Of course, as always, I had the most fun with painting and weathering. I started the base and camo painting of the hull immediately upon completion of the 2-piece full-hull. I painted all the dark grey decking prior to placing them on the boat. I painted 90% of the main vertical structures while still on the parts trees. Although I do not like this process I felt there was no other way to airbrush the intricate structures and components of the ship after assembly. It would of been a masking nightmare. Doing it this way eliminated the need for any masking except for the main camo pattern, and black deck walkways.

Interesting Note: The added crew figures were obtained from the 3D-printing vendor Shapeways. They are highly detailed and contain very impressive moldings. I choose the Royal Navy Crewman with foul-weather gear, flotation devices, and steel helmets as if they were at battle-stations during a rough, rainy, sea state. In regards to Shapeways you can actually buy many super-detailed components for this exact ship and I could of gone crazy super-detailing her with these extra parts but just could not afford it at the time. If you have not checked out this resource for model building you really need to. It is an amazing resource of modeling parts.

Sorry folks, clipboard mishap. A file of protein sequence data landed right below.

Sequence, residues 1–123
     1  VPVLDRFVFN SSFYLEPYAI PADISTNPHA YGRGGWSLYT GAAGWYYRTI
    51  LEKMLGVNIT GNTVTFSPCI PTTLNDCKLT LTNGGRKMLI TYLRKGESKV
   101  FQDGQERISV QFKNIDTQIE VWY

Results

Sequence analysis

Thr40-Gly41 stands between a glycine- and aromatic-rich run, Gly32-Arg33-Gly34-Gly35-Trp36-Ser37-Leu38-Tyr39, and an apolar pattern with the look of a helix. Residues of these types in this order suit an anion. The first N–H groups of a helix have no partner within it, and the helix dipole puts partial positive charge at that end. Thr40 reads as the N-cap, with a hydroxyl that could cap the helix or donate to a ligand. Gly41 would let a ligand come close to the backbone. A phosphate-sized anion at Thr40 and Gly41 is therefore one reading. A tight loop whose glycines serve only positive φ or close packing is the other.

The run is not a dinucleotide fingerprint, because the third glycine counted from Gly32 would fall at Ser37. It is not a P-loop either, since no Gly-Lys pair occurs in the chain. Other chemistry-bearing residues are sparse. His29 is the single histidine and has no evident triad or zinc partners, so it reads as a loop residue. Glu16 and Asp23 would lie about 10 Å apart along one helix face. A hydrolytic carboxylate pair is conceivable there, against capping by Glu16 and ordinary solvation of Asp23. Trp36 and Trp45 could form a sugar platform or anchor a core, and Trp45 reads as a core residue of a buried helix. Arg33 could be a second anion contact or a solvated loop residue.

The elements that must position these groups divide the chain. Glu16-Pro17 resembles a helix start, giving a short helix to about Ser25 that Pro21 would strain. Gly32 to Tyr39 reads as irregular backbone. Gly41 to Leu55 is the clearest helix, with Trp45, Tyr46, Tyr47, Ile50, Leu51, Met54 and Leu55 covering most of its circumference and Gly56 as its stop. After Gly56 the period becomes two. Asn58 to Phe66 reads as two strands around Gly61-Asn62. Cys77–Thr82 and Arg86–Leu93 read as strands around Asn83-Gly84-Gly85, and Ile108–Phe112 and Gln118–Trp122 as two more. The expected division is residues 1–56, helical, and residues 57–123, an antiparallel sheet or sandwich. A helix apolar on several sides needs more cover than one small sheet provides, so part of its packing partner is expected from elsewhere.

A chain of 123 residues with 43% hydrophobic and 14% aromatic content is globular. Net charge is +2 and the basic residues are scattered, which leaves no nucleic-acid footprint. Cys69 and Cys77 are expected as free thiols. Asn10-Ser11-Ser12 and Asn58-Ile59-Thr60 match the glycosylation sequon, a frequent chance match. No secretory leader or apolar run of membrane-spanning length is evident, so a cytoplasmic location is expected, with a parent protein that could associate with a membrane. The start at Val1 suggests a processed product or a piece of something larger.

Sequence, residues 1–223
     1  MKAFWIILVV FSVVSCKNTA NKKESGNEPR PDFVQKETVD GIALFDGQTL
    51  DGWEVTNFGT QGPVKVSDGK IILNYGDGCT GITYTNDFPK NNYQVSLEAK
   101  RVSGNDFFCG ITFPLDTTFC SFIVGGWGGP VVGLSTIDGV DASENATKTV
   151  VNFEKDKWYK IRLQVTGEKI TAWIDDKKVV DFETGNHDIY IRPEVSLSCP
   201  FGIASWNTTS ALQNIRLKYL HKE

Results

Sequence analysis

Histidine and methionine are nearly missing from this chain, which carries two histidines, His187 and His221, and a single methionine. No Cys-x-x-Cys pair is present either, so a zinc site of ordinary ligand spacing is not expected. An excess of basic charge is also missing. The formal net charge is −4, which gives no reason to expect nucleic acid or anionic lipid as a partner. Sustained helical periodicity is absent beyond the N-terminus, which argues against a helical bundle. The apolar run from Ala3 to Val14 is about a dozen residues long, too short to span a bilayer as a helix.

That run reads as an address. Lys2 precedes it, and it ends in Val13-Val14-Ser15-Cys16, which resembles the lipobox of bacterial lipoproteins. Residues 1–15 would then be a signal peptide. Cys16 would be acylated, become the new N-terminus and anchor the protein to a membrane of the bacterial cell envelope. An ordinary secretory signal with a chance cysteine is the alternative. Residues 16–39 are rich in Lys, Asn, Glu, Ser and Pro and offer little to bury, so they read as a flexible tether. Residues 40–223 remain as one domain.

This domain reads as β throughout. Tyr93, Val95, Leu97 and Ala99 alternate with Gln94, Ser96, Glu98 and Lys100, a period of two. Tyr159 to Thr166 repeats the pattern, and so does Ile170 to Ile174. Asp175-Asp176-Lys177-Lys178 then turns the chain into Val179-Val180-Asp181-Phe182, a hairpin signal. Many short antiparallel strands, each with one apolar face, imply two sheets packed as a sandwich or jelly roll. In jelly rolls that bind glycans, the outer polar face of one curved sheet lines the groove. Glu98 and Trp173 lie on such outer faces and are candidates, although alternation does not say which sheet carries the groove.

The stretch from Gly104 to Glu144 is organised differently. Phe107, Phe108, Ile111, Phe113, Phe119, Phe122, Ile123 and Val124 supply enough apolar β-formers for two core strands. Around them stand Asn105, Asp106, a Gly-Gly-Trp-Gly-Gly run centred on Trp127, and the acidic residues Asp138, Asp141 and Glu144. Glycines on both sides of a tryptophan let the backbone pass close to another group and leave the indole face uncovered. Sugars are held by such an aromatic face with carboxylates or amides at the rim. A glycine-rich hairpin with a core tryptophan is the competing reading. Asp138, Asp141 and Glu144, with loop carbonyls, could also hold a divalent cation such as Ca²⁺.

Well, I hope you enjoy the brief history, simple build review, and attached photos of this classic war ship. As always, your comments and thoughts are greatly appreciated.

Reader reactions:
35  Awesome

42 additional images. Click to enlarge.

45 responses

  1. Whoooo! HMCS "Rustbucket"! I love it! She must have survived three Atlantic winter crossings.

    • Yes she did Tom! Thank-You! Actually if you read the complete history of this ship she has a long history under many different operators and commands. All over the Atlantic.

  2. Love it! Really want to do this kit now. Figures add a lot, the foul weather gear really puts it in context. Brave lads, those.

  3. Real nice! Great detailed weathering and crew! Imagine getting your sea legs on of these.